Rosengren isn’t alone among Fed policy makers with that opinion. St. Louis Fed President James Bullard, speaking on the same panel, called it a “distinct possibility” the Fed will need to resort again to QE. In a May 8 interview with Bloomberg News, Cleveland Fed chief Loretta Mester said QE “should be part of the tool kit” for use when the Fed hits zero and the economy needs more support.
Not that QE is the only option when rates hit zero. Indeed, it’s widely assumed the Fed would first resort to a tactic it used during the Great Recession known as forward guidance. It involves making a clear commitment to keeping rates at zero for an extended time, which helps longer-term rates settle lower. But that’s unlikely to make the difference in a typical recession.
The Fed might also follow a path tried by some European countries by pushing their policy rate below zero. Another approach would be to raise the Fed’s 2 percent inflation target. If effective in raising inflation, that would boost the neutral level for interest rates, making a zero policy rate more stimulative.
While each approach has its proponents in and outside the Fed, neither has gained enough traction among policy makers to use any time soon, according to Carl Tannenbaum, chief economist at Northern Trust Corp. and a former senior staffer at the Chicago Fed.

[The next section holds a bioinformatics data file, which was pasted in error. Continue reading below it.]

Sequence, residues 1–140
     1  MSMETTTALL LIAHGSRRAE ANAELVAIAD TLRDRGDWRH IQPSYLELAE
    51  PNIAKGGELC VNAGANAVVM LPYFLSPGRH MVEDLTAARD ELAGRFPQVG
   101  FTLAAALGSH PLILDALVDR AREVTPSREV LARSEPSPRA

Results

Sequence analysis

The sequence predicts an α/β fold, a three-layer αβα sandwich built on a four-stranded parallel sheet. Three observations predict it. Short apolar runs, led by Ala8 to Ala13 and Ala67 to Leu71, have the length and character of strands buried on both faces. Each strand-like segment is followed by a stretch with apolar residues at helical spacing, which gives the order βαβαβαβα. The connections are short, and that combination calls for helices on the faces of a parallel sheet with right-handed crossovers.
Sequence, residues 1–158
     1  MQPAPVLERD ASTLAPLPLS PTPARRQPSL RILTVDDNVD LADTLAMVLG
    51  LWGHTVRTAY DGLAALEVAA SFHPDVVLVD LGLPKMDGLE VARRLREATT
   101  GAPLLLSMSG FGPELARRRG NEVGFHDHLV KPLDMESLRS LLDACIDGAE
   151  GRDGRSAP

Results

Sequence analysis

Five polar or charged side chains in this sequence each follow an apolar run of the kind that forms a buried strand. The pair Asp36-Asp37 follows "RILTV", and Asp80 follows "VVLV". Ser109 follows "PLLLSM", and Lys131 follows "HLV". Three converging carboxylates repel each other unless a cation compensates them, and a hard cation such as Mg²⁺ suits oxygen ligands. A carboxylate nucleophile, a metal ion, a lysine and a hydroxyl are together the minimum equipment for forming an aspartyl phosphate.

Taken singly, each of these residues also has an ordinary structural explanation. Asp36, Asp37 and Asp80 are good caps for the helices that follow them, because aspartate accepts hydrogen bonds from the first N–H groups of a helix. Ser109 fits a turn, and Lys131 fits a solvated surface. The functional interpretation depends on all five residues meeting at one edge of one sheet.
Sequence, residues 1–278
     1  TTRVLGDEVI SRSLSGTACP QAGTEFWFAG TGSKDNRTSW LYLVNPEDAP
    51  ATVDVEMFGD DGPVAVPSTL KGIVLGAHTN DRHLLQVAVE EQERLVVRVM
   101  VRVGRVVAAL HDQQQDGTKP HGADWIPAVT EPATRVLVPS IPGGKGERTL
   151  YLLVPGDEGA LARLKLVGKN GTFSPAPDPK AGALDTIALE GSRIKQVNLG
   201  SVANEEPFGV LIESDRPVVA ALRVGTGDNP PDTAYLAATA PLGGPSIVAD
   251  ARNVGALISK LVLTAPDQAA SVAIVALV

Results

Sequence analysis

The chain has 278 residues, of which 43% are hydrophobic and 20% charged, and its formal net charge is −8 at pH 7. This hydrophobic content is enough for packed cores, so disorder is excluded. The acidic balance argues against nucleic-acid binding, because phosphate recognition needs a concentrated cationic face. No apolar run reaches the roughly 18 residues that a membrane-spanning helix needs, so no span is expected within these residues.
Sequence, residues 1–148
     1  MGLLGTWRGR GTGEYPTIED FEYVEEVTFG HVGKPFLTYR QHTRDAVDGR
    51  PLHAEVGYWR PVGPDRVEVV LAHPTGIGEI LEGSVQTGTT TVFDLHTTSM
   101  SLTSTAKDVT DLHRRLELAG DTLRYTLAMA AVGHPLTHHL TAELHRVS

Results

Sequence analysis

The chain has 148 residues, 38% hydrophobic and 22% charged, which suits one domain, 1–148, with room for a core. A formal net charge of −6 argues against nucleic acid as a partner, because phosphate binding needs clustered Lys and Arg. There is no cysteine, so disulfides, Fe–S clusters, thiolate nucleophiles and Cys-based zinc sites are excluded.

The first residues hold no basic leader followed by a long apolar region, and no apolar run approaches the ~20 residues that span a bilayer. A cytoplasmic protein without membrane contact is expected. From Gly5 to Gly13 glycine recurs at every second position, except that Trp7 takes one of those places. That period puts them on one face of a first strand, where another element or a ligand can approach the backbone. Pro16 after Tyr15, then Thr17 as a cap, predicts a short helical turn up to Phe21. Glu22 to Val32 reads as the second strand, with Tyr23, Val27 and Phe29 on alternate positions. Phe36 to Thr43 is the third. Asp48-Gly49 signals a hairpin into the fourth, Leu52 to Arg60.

“The example of negative rates has proven to be less than encouraging,” he said. “Additionally, if they are struggling to create any kind of inflation, raising the target isn’t going to have the same credibility with the market. That’s further down the list” of options the Fed might try, he said.
None of that, however, will remove the political hostility to QE.
“I have that concern the Fed will respond once again with QE,” Representative Andy Barr, a Kentucky Republican who serves on the House Financial Services Committee, said in an interview. “They are conflating here the role of monetary policy with fiscal policy through private credit allocation and taking excessive risk.”
Barr said he’s not opposed to QE as a “a last resort tool” under extreme circumstances, and concedes that the first round of bond purchases by the Fed in 2008 had, in his view, “some limited stimulative effect.” But if rates hit zero and the economy still needs a jolt, Barr said it’s up to Congress to provide counter-cyclical fiscal stimulus, preferably through tax cuts.
“I think the Fed is better off when it sticks to its primary purpose, which is price stability,” he said.
Others are skeptical Congress will act quickly enough to provide meaningful fiscal relief in a recession, and the Fed may feel forced to act with asset purchases. Lawmakers can’t stop that, but they can react in a punishing fashion. There are already various pieces of proposed legislation floating around Capitol Hill that would curb the Fed’s authority and independence in monetary-policy making. At the moment they lack sufficient support to pass, but that could change.
“The problem for the Fed is that its reputation has not really had a chance to rebound from criticism it took in the wake of the crisis,” said Sarah Binder, a senior fellow at the Brookings Institution in Washington. “That will leave the institution more vulnerable.”